Vella urged EC to keep Circular Economy Package
The European Environment Commissioner, Karmenu Vella (pictured, right), urged Frans Timmermans, the First-Vice President of the European Commission (EC), to keep the original Circular Economy Package, it has been revealed.
The EC first announced that it was to bring in a raft of proposals to drive a ‘transition to the circular economy’ last year, and published a draft directive in July that included a 70 per cent recycling and reuse target by 2030, a packaging recycling target of 80 per cent, and bans on the landfilling of recyclable plastics, metals, glass, paper and cardboard, and biodegradable waste by 2025.
However, despite widespread criticism, Timmermans announced in December 2014 that the package was to be withdrawn, with promises it would make way for a more ‘ambitious’ package to “make sure that the circular economy is approached indeed in a circular way, and not just half the circle”.
It has now been revealed that Vella wrote to Timmermans in November 2014 to urge him not to withdraw, or even amend, the package (as he had reportedly wished to do), as ‘nothing… suggests that there are fundamental problems with [the] proposal that would merit the risk of withdrawing proposals before the co-legislators have had a proper chance to consider them’.
‘It's important also to send the signal that this Commission is serious about generating green growth’
The letter came to light earlier this week, after the European Environment Bureau (EEB) released it to news outlet EurActiv following its request to see paper relating to the withdrawal of the package.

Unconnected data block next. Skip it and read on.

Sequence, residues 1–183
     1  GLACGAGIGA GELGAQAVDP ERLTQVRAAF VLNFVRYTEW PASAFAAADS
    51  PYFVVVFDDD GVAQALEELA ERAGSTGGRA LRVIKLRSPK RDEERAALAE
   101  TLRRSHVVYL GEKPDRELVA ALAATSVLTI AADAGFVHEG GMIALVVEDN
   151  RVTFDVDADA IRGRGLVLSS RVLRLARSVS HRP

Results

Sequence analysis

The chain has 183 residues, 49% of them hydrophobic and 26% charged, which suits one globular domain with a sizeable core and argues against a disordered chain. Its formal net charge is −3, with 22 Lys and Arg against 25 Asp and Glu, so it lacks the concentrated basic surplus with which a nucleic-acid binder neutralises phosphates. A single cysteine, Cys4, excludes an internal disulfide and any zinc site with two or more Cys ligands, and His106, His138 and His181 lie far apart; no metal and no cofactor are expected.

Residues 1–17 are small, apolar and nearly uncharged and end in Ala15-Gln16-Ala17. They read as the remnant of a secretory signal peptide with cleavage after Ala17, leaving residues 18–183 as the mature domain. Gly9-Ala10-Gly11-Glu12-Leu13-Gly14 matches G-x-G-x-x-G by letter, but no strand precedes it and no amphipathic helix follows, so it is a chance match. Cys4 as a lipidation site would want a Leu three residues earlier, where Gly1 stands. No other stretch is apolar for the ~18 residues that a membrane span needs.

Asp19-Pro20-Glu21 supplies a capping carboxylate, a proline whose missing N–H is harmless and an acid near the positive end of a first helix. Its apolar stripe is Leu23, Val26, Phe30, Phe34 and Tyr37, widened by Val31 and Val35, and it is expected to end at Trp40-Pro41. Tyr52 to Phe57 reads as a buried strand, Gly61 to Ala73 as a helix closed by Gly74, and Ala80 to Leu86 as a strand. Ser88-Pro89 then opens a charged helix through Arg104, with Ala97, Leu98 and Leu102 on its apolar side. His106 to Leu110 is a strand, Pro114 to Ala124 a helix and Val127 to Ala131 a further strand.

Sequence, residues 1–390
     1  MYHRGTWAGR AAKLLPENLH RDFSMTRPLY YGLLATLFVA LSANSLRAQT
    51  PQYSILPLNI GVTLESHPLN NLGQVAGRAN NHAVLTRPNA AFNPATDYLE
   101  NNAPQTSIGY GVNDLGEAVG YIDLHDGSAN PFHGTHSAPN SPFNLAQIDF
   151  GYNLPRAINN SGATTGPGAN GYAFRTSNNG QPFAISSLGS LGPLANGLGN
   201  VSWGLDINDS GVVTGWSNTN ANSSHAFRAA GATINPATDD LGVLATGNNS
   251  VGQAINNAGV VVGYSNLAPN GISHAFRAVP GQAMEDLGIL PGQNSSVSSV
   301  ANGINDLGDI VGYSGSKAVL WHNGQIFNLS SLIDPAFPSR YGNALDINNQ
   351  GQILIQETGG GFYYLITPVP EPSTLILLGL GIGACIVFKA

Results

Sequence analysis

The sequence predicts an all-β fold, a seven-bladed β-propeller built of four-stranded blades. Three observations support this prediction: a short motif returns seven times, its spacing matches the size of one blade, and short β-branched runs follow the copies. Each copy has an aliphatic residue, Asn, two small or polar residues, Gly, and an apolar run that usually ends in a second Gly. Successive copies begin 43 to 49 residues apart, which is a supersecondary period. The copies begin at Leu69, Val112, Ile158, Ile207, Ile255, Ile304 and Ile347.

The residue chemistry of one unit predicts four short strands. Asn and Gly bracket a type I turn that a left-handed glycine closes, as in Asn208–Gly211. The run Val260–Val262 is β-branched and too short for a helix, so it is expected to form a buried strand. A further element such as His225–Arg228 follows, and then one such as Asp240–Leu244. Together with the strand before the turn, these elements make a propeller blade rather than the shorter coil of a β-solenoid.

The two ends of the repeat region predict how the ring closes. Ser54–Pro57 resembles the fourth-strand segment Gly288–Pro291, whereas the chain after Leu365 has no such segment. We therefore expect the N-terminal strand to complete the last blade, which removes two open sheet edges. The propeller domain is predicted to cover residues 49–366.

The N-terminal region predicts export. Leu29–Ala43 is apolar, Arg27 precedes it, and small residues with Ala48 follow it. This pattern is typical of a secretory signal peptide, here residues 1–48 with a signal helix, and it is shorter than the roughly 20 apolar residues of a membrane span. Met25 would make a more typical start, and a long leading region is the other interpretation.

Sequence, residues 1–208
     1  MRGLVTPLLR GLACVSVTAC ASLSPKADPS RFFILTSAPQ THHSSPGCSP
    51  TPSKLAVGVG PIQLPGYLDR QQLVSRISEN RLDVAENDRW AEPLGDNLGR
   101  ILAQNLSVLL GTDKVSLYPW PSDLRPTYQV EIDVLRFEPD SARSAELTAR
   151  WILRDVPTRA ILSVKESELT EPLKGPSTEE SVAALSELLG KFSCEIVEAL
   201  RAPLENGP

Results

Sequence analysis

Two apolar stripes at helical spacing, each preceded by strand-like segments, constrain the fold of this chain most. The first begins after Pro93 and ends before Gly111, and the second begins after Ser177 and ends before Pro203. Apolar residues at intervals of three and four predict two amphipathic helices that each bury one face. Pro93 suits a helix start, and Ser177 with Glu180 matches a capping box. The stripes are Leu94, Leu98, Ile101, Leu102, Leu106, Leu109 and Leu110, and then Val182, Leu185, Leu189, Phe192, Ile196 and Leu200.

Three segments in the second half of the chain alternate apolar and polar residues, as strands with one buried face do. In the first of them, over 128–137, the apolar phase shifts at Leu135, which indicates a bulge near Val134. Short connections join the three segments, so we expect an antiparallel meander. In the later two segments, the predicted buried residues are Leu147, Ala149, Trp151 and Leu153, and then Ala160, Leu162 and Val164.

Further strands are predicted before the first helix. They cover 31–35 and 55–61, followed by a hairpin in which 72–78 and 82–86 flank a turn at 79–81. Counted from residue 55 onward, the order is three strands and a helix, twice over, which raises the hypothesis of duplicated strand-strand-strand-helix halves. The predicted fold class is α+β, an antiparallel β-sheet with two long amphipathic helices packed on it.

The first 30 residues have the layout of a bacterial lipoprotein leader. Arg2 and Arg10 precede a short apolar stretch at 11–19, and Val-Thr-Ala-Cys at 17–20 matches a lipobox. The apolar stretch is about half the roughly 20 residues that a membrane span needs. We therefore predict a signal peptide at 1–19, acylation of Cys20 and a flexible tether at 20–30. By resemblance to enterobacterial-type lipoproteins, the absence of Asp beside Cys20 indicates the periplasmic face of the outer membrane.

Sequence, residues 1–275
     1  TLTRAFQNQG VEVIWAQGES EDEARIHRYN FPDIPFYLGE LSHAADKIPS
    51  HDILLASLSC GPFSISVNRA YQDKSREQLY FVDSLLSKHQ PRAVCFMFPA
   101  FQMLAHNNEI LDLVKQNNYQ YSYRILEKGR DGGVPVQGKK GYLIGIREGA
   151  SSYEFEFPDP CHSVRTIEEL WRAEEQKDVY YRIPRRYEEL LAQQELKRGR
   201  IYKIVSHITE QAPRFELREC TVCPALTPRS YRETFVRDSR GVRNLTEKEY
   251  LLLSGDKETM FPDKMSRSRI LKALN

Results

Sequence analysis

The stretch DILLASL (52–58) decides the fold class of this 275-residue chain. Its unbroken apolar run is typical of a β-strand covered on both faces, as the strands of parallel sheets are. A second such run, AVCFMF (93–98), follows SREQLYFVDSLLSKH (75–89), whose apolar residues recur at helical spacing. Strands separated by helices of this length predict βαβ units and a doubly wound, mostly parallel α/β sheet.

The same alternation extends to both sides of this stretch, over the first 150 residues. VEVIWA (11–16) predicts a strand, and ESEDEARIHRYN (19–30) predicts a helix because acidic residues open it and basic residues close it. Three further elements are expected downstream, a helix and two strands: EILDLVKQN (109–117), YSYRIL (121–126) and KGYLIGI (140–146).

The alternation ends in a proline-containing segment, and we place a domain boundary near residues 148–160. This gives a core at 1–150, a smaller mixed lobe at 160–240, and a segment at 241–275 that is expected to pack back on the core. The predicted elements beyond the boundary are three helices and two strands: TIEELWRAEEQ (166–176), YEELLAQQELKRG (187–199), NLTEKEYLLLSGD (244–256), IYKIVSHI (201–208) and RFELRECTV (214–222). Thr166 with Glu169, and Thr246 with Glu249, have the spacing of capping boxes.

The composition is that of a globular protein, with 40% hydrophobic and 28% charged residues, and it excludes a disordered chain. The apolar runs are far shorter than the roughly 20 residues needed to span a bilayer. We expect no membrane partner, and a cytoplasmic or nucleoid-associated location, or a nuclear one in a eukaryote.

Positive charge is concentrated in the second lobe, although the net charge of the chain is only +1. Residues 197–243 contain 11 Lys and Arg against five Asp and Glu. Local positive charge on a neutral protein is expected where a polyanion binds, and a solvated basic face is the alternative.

It details Vella’s ‘preliminary assessment of the air quality and circular economy packages’ in view of the ‘preparation of the Commission Work Programme for 2015’, and states his belief that the latter package ‘is fundamentally aimed at improving Europe's competitiveness, both through reducing [its] dependence on imported resources through recycling, through the generation of jobs, not delocalisable to third countries, and through innovation and the development of new and exportable technologies’.
He noted that the package could:
- create around 600,000 jobs in the EU, with ‘a further estimated two million jobs created through the impact of the legislation on the broader economy’;
- bring businesses net savings of ‘up to €600 billion [£441.5 billion] or 8 per cent of their annual turnover’ through measures such as better eco-design, waste prevention and reuse;
- reduce greenhouse gases and energy dependency; and
- reduce bureaucratic ‘red tape’, since it would ‘reduce reporting obligations and makes special provisions for small and medium sized enterprises’.
As such, Vella concluded: ‘I am committed to looking at how we can increase our support to Member States to help them in implementing waste handling legislation and in freeing the private sector to make use of separately collected waste streams.
‘I believe that considering an amended proposal after first reading would be a wiser course of action than to withdraw either proposal at this stage. Nothing at this stage of the procedure suggests that there are fundamental problems with either proposal that would merit the risk of withdrawing proposals before the co-legislators have had a proper chance to consider them.